Tuesday, September 23, 2008

Xe May update . . .

After two and a half days on the roads driving my new ride I was doing much better, though I still look like I've taken a shower when I take my helmet off from all the perspiration. One particularly embarrassing moment on Saturday on the way to a art gallery I passed a woman on a bicycle on the way up a hill to one of Ha Noi many diabolical traffic circles. I was feeling pretty good shifting smoothly from first to second, but I all the oncoming traffic was a bit too intimidating for me to merge correctly and I stalled out near the top of the hill. By the time I got restarted and managed to navigate my way through the traffic circle on to the main road I got to pass that woman on the bicycle again several hundred yards down the road already. It was only my second night . . . . . A couple of close calls, but that's par for the course here in Viet Nam. Overall though, my shifting was less clunky, and my choice of gears was getting better too. Accelerating more smoothly with quite a bit less herky-jerkiness. I was managing not only to avoid other moving vehicles and pedestrians but the many bumps in the road as well, for which our future children will be forever grateful. I was even "Lai xe nhu mot dan ong Viet Nam," (Driving like a Vietnamese guy) Huyen remarked after one particularly smooth outing. Stopping in the shade to avoid the sunlight (Keeping us out of the heat of course, but also serving the secondary, but no less important function of keeping her skin nice and white.) As well as, getting a little jump at the lights like everyone else so I wasn't left in the dust of everybody else, including bicycles. Nice.
Monday afternoon, having managed my first solo ride with aplomb (Huyen called me 15 minutes after I dropped her off to make sure I was alive,) I was feeling pretty damn good. That's just about the right time for the Gods of humility to step in to take you down a notch. On the way back from a late lunch we noticed a weird popping sound as we had started the bike but it started so away we went. Unfortunately, all was not well and about halfway to Huyen's office the engine started to cut out. After a few more yards we lurch to a stop. I'm not too concerned, as with many things as Retro chic as my Honda Super Cub (It's almost as old as I am,) one cannot expect flawless operation. Huyen jumps off, I shift it into neutral and try several times to kick start the bike checking thrice to make sure I am indeed in neutral. Huyen jumps back on and does the same with the exact same result. Nothing. Remembering that we don't have a fuel gauge we lift the seat and unscrew the cap to see half a tank of gas sloshing around. Well that exhausted my extensive mechanical knowledge, so I step back and look as authoritative as possible while Huyen looks to see if there are any obvious lose connections. Luckily (and unluckily in Viet Nam) nothing goes unnoticed, so the xe om guy across the street comes over and he tries to kick start the bike. Nothing. He checks the gas. Still half empty, in this case, and then an old woman from the shop we are standing in front of offers her opinion. Huyen, the xe om driver, and the old woman chat for a moment while I sweat and uh, supervise. The xe om driver disappears across the street and just as quickly reappears with a small oil rag in which is wrapped a few tools and a spark plug. He proceeds to quickly replace our plug and tries to restart the bike again. No luck. At this point it is decided the bike cannot be fixed here on the street and we pay the guy 20,000 VND ($1.33) for his efforts and try and decide what to do. Leave the bike here, call a minivan, hire two xe om guys to take the bike back to our apartment. It's getting late and Huyen needs to get to work. We call the same xe om guy over and after a quick discussion it's decided we don't need two xe om guys. I can take the bike back with our helpful xe om guy.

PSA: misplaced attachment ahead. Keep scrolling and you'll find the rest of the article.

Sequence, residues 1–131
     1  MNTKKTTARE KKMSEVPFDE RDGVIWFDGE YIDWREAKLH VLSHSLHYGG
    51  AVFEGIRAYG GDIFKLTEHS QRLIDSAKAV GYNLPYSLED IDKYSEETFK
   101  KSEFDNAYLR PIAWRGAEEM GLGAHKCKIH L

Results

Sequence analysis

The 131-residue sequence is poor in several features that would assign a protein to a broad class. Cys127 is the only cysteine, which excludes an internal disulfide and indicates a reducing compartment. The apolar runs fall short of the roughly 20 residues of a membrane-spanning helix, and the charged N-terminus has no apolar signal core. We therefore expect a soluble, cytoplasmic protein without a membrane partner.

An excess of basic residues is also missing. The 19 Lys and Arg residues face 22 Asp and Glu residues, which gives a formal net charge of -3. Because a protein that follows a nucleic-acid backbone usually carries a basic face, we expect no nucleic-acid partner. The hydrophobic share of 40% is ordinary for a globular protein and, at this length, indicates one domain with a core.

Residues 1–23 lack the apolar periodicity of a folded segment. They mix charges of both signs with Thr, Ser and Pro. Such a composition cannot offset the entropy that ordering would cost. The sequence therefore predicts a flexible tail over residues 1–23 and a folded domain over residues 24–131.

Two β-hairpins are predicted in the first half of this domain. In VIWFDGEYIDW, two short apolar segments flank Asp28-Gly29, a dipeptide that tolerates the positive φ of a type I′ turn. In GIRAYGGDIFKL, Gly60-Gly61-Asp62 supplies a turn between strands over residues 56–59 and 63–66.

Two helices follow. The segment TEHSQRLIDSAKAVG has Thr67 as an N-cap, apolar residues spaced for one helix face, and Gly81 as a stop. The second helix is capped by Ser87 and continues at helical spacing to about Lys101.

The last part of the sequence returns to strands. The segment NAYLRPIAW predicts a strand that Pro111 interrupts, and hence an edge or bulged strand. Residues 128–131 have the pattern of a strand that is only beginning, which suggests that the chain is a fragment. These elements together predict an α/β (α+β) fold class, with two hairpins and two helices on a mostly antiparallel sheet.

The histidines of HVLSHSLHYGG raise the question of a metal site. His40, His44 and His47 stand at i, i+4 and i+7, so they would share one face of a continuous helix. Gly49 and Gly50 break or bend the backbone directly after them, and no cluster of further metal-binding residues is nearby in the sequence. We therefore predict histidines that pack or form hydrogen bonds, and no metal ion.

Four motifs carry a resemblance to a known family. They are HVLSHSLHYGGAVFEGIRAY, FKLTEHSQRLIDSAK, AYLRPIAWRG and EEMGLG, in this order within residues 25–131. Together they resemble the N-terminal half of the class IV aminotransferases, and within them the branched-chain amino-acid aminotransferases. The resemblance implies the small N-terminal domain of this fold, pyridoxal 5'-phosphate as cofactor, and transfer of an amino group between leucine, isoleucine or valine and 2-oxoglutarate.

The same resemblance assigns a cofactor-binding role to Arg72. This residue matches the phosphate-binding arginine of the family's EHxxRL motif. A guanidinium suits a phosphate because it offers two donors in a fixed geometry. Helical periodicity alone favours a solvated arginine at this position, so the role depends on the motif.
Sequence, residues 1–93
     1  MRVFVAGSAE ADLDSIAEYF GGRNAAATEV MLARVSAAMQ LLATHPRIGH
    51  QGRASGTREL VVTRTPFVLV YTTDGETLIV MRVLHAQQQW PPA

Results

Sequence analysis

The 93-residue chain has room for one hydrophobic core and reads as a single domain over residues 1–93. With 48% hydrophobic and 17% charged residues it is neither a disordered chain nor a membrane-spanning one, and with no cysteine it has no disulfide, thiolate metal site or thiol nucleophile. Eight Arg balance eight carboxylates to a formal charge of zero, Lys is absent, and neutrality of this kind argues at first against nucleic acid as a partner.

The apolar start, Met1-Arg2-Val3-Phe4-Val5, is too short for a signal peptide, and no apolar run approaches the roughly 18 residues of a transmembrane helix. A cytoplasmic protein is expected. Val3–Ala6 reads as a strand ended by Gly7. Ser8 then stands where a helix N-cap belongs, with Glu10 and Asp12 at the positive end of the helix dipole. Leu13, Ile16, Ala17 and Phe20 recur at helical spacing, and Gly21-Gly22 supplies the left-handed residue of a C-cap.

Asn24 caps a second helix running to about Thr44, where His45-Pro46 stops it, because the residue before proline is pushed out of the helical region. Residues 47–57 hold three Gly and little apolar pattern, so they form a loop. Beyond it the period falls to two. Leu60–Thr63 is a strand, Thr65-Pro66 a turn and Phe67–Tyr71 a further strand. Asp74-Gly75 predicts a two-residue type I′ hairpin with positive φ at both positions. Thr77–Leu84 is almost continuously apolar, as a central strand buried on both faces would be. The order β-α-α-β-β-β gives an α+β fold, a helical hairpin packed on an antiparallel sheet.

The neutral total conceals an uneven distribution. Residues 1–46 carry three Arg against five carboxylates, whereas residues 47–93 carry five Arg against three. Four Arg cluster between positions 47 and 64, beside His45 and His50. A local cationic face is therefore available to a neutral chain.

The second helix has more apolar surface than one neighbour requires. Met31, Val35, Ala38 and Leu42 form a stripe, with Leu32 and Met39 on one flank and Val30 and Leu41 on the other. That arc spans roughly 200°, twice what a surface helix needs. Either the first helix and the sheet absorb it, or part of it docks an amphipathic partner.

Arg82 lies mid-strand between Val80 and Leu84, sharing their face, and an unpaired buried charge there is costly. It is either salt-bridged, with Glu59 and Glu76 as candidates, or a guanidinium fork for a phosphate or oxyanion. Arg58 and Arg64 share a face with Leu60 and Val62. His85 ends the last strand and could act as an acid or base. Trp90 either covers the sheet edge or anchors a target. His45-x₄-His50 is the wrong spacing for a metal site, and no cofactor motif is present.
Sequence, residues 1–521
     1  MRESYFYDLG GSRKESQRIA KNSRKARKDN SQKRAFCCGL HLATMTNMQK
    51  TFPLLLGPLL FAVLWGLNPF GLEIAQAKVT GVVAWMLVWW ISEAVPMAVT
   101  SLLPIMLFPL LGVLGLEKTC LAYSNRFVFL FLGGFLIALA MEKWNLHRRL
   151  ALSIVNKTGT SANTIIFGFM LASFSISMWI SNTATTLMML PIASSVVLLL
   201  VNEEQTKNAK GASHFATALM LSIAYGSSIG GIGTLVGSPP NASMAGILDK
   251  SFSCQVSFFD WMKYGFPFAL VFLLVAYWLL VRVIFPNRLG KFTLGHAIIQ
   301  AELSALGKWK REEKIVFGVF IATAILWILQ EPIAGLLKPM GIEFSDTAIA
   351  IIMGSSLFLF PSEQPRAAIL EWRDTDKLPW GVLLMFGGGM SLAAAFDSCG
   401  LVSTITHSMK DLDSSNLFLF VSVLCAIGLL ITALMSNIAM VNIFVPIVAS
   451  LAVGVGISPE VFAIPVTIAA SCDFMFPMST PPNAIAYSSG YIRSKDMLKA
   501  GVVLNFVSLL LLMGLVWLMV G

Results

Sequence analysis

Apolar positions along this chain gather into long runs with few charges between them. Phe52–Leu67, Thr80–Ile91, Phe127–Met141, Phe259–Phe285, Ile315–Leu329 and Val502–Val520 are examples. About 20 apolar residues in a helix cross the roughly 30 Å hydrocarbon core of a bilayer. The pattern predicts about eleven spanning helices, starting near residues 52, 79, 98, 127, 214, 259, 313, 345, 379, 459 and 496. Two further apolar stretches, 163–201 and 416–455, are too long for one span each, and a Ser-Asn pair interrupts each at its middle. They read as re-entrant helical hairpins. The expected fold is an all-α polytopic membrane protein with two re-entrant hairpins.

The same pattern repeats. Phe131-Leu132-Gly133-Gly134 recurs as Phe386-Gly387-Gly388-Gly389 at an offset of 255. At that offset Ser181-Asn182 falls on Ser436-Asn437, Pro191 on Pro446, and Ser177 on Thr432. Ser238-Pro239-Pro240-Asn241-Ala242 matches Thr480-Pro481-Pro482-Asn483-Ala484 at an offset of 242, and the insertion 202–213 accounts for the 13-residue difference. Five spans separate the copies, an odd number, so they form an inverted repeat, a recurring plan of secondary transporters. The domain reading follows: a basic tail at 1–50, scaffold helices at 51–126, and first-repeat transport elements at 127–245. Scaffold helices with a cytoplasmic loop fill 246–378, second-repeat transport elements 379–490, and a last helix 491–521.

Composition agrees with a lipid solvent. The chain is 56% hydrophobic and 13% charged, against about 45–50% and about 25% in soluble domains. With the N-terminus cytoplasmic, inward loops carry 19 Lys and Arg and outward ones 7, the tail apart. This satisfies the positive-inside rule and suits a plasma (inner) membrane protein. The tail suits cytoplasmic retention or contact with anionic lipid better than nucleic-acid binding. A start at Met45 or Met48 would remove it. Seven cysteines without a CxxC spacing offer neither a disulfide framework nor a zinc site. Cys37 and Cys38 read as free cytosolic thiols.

Every cloud has a silver lining, and in the case of my new ride breaking down, a first in itself, I also got to do something I never thought I'd get to do. If you spend enough time in Viet Nam you'll notice any number of vehicles, from bicycles to heavy laden motorbikes being pushed along by another motorbike. The reason for this might be to speed up in the case of a bicycle, help with a heavily loaded cyclo, or, as in my case, an engine failure. I seen this somewhat sketchy operation innumerable times, but I never thought I'd be taking part, but with Huyen not available for this little circus act and with the xe om guy confidently telling me to jump on my scooter, I decided to go for it. Wheeling the bike around to head back home I clip my helmet strap together and feel an abrupt nudge at the rear of the bike. Starting out is a bit dodgy as I forget that I still need to steer the bike while the xe om guy uses first his right leg on the rear passenger peg to propel us along. We mange to cross over to the slow (slower) side of the street and he crosses behind me he and switches to his left hand on the metal rack (aka Huyen's seat) as we get up to speed. Just like my first few times out on the road we are traveling slow enough to get through almost all the lights perfectly, only having to stop once, which was great since it's a pain to get going again. 15 minutes later we roll up in front of our apartment no worse for wear, another first in my many first time experiences in Viet Nam. Mr. Xe Om happily takes the 50K VND I offer and races away at full speed as I wheel the bike down our apartments hallway to it's parking space. Huyen calls to ask if I made it home alright and tell me that we would not get the bike fixed until the next morning (as well as that I'd paid the xe om guy too much ;) "No problem" I said walking back out the front door of our apartment and down the street. Joining the flow of traffic on Ha Noi's bustling streets once again . . . as a pedestrian.